This website provides comprehensive information on drug and alcohol abuse, as well as its prevention, for persons of all ages. It also offers family checkup questionnaires that parents can use to improve their parenting skills and educate themselves on how to prevent future alcohol and substance use among their children and teenagers.
An offshoot of the NIDA website listed above, NIDA for Teens provides actionable knowledge and information but which is targeted at teenagers. The information is provided in an interesting, interactive, and easy-to-understand way - one that easily appeals to the youth of all ages.
This NIDA publication provides highly comprehensive and easy-to-understand information on drug prevention and education. It also goes so far as to address protective and risk factors, community-based drug and alcohol prevention, as well as how to incorporate the basic principles of drug/alcohol prevention into these programs.
The online publication also provides great examples of some of the most effective evidence-based drug prevention and education programs.
The official SAMHSA website contains a great wealth of information and knowledge about substance use disorders, addiction, drug prevention and education, and addiction treatment.
Additionally, this website addresses some basic and comprehensive prevention programming at different levels - including community, family, and school settings - as well as providing more information about protective ad risk factors and evidence-based prevention strategies and practices.
This educational program was funded by SAMHSA (the Substance Abuse and Mental Health Services Administration). It is aimed at sparking conversations between adolescents and adults about the harms and risks of underage alcohol consumption.
This website also serves to increase awareness on the subject of underage drinking, while also portraying it as a detrimental and harmful thing. It additionally offers different resources for community leaders, teachers, families, teens, and children - providing different resources and information for each of these groups.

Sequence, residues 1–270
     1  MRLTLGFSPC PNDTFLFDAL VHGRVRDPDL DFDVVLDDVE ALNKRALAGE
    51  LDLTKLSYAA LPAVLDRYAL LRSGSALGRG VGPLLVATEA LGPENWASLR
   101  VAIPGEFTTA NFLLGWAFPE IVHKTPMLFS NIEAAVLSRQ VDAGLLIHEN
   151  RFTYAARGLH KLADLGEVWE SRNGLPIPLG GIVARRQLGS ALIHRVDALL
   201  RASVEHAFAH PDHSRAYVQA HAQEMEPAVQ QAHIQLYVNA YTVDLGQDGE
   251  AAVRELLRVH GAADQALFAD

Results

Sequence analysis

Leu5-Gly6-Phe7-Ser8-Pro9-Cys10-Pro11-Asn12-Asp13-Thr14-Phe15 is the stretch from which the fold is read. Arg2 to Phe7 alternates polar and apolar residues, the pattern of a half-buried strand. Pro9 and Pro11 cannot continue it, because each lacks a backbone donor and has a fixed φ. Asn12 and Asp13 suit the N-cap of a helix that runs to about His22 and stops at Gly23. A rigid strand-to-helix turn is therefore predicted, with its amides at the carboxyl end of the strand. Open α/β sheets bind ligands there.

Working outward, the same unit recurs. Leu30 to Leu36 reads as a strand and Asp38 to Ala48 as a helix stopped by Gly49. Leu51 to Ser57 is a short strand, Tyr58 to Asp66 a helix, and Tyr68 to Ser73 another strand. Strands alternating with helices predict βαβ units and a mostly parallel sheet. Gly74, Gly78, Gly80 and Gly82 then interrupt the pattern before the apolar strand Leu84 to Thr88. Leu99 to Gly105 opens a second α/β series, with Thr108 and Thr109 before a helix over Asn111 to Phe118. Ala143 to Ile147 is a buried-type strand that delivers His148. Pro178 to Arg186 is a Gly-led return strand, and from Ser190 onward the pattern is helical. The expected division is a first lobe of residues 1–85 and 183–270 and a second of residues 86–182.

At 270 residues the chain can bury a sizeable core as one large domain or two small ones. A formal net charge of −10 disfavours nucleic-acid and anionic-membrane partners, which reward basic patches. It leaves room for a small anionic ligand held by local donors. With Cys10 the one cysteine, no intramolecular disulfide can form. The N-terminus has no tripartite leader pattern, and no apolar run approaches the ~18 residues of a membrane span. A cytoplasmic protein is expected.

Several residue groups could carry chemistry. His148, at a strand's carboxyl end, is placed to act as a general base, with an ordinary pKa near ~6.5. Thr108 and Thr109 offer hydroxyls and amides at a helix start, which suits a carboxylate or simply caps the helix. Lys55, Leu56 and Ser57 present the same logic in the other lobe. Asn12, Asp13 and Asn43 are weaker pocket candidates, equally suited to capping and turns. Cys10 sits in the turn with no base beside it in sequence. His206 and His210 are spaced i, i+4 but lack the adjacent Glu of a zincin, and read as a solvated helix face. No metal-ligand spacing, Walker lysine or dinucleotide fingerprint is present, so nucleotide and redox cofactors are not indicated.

This government website provides information about drug prevention and education, in addition to links on every aspect of such prevention - including but not limited to websites, training resources, research, publications, programs, and articles on the subject.
There are tons of other substance abuse prevention resources available over the internet. As such, you need to be careful about the information you read - not everything is entirely true or reliable.
As far as possible, therefore, always opt for government, state, and community resources. They tend to contain the most effective, up-to-date research based information on drug prevention and education.
Research shows that adolescence might be the best time to prevent drug and alcohol addiction. This is because the early use of these substances tends to increase the risk that the affected individual will eventually develop an addiction.
As you might already be aware, drugs and alcohol tend to change the brain. This may eventually lead to other serious problems - the chief of which is addiction. Therefore, preventing young people from the early use of such addictive substances might go a long way in reducing the risk they encounter.
The risk of drug and alcohol abuse also tends to increase during times of transition. For instance, adults who go through a divorce or lose their jobs (or alternative source of income) may resort to drug taking and alcohol consumption.
For teens, however, the riskiest times happen when they change schools, move homes, or encounter hardships in their personal lives. During the years of early adolescences, children advance from elementary all the way to middle school. In the process, they face challenging and new academic and social situations.
In most cases, it is during this period that they first become exposed to substances that they can abuse - such as alcohol and cigarettes. During the high school years, they may also find that drug abuse is more prevalent - particularly among their elder schoolmates - and that there are more social activities where people are using drugs and drinking alcohol.
At the same time, most of the behaviors that are quite normal to human development - such as the desire to take greater risks or try new things - might increase their tendencies to experiment with alcohol and drugs.
Some of them may even give in to the pressure (or urging) from their friends who are already using and be tempted to try sharing the experience with them. Others might start thinking that taking such drugs as steroids will improve their athletic performance or appearance, or even that when they abuse substances like MDMA (Molly or ecstasy) and alcohol will ease the anxiety they feel in awkward social situations.